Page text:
Happy Days At St.Helier Hospital

A Nurse's tale

By Maureen Arnold

Photo:St. Helier Hospital Nurses Training School October 1958. Maureen Arnold 2nd left at the back.

St. Helier Hospital Nurses Training School October 1958. Maureen Arnold 2nd left at the back.

Donated by Maureen Arnold

I came to St. Helier from Dorset in 1958. The hospital was still painted black then, camouflaged from the war and not very welcoming on a gloomy October day. Thirty of us started our training that day and we soon got to know one another as we had to live in Ferguson House, the nurses' home. We had three meals a day and you could have breakfast brought to your room on your day off which we thought was very grand.  We had to be in by 10.30 pm unless you were granted a late pass and no male visitors could go past the ground floor!!

We spent the first three months in the school before we were allocated our first ward. I went to the children's ward first which was on F3. This meant going underground which was quite daunting until you got used to all the tunnels, but we didn't have to go outside to any of the wards except the isolation ward,  which was very good especially when you were on night duty.

We worked a 48-hour week and often had to do split shifts. You stayed on duty till the work was finished and never thought of overtime. Night duty was worked in three month blocks which I liked as you could work ten nights and get five off which meant I could go home if I had enough money.

We enjoyed living on the St. Helier estate and got to know the stall holders at Rose Hill who would give us the odd bargain. We sometimes went to social events at St. Peter's Church. They used to put on very good shows which we enjoyed.

I loved my training and my year as a staff nurse and am very proud of my St. Helier badge.

I spent my whole working life at St.Helier and have very happy memories of the patients I nursed and the doctors, nurses and hospital staff I worked with.

*St. Helier Group of Hospitals.

St. Helier Hospital, Carshalton, Surrey (862 beds). There are vacancies in the Nursing School of this Hospital. Students enter in January, April, July or October. The Hospital is a modern one within easy reach of both London and the beauty spots of Surrey. The 'Block System' of training has been in operation since the opening of the Hospital, which is also recognized by The Central Midwives Board as a Part 1 Training School. Student Nurses are paid a Training Allowance of £200 for the first year, £210 for the second year, plus £5 bonus after passing the Preliminary State Examination and £225 for the third year. Of this £100 will be payable to St. Helier Hospital for board and lodging. They will receive medical attention and the use of uniform. Forms of application and other particulars can be obtained from Matron room T1 who will be pleased to arrange interviews with girls and their parents.

* Advertisement from The Times dated 11th January 1950


This page was added by Maureen Arnold on 10/10/2010.
Comments about this page

I want to get in contact with anyone who was in nursing school with me from 1964 to 1968. I also want to know if there is ever a reunion for the old nurses. I would love to attend. I now live in Georgia, USA. Please feel free to contact me.

By Joyce Raymond nee Edmund
On 10/10/2010

Hi - does anyone remember a Dr Bhatia who is thought to have been at St Helier Hospital in the mid-60s?? get in touch with Sutton Local Studies & Archives please 020 8770 4747 and ask for me.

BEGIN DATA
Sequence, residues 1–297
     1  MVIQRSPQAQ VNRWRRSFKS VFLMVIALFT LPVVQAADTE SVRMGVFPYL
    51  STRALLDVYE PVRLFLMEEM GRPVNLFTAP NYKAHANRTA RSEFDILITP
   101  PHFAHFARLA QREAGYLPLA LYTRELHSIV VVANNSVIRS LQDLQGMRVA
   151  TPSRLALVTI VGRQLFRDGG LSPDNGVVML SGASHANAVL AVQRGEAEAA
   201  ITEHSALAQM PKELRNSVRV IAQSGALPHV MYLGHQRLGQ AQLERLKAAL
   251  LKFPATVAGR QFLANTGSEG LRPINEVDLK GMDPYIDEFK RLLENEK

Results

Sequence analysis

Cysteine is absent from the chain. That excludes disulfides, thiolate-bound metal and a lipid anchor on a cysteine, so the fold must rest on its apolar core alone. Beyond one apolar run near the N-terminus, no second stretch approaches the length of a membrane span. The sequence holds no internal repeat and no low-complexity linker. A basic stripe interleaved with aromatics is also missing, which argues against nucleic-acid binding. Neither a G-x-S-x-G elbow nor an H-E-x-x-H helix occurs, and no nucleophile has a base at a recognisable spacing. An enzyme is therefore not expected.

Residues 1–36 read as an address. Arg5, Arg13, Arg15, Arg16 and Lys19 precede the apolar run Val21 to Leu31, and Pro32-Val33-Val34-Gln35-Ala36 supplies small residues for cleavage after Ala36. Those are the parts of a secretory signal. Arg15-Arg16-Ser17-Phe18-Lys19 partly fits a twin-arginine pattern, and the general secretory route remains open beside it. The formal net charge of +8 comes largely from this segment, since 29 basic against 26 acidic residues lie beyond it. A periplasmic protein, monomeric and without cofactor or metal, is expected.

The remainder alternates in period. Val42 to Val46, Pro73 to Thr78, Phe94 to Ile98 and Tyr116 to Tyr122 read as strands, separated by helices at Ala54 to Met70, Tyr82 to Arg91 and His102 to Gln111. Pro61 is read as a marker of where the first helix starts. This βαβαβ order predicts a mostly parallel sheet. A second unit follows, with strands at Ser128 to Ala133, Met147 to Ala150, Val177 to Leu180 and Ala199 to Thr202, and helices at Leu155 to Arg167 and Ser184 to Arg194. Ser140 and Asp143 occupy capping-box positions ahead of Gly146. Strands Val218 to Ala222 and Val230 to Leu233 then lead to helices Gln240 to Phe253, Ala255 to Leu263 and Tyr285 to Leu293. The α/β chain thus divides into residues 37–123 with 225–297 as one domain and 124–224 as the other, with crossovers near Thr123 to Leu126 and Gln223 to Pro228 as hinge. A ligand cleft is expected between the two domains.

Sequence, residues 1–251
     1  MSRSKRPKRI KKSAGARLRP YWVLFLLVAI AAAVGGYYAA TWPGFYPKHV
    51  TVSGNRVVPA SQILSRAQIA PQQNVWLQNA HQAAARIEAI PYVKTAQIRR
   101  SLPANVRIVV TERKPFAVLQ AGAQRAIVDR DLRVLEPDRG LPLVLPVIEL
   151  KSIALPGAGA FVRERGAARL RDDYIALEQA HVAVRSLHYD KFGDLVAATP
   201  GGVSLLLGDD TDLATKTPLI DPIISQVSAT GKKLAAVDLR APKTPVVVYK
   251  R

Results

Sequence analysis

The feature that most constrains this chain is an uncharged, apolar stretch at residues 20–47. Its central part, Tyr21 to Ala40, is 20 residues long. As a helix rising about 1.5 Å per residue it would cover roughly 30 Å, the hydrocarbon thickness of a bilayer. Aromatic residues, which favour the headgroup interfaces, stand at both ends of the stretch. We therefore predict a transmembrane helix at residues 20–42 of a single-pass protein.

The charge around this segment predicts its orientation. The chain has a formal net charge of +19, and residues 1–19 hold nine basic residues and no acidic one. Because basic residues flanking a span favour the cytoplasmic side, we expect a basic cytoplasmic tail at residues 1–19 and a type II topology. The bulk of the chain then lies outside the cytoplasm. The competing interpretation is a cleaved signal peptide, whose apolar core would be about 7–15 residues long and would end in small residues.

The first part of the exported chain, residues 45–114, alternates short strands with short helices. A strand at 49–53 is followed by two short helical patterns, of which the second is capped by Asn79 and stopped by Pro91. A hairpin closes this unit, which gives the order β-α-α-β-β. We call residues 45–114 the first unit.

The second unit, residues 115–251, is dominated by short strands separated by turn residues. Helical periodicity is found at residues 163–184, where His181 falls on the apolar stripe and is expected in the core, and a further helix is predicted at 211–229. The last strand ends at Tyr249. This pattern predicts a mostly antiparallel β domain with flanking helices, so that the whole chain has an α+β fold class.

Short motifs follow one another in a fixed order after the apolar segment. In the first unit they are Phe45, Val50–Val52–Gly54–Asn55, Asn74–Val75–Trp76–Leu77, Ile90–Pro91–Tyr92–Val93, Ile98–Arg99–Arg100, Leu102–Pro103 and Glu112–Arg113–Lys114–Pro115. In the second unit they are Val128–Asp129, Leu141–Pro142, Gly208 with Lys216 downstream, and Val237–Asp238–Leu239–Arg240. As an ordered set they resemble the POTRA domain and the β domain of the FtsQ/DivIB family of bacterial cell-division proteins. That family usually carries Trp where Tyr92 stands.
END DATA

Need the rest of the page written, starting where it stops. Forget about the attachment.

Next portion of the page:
By Kath Shawcross
On 13/07/2011

I  was in the January 1961 set and I was very interested in the picture of the student nurses group. I have one the same. For a moment I thought it was one of our set obviously they took the photos in the same place. The Sister I remember on the heart ward -I think it was C2? - was Sister Andrews and Miss Stageman and Miss A Y Smyth in the tutors dept. She was lovely and when I went for my final exam, no one knows this, they will now, the uniform shoes I was wearing were a bit "out of date" shall I say, and she said what size do you wear? I said 4 and a half and she said so do I and she told me to change with her just for the exam. So that is what happened. I came 1st in that exam that is the only time I ever came first in anything, lucky shoes they were. That was the sort of lady she was. She was a lovely person and I'll never forget her and the shoe story.louisa

By louisa blackburn
On 14/09/2011

My father was one of the electricians at St Helier Hospital in the 60s and early 70s, his name was Bill Banks, sadly he's deceased now, but can anyone remember him?

By Davidb B
On 27/11/2011

Hi David, Indira Bowen asks if your dad was about 5'4'' weight about 160 lbs, wore baggy white overalls with sagging pockets. Always had a screwdriver and pliers in his pockets. Did he have grey thinning hair? I am just wondering. It was great to read your message.

By Joyce Raymond(Edmund)
On 29/12/2011

I started my nursing training at St Helier hospital in 1948..I would like to catch up with anyone there at that time Reading others memories I laughed....they had to be in by 10:30pm ...we had to be in by 9:00pm.....I loved it there ....anyone remember Sister Burchell ?................

By Doreen Sherwell
On 29/03/2012

My father worked at St. Helier Hospital in the 1960's. He was employed in the kitchens. A chap he worked with done a head & shoulders pencil drawing of my father one lunch. Dad passed away in the hospital in 1965.The drawing now hangs in my bedroom.   

By Sidney Sussex
On 22/10/2014

The picture looks as though it was taken in the hall of the nurses quarters where I spent many a happy Saturday night at the nurses ball. Happy Days. I would however like to hear from the nurse who put cornflakes in my bed on the mens in-patient ward!!

By Tony Rivers
On 13/12/2014

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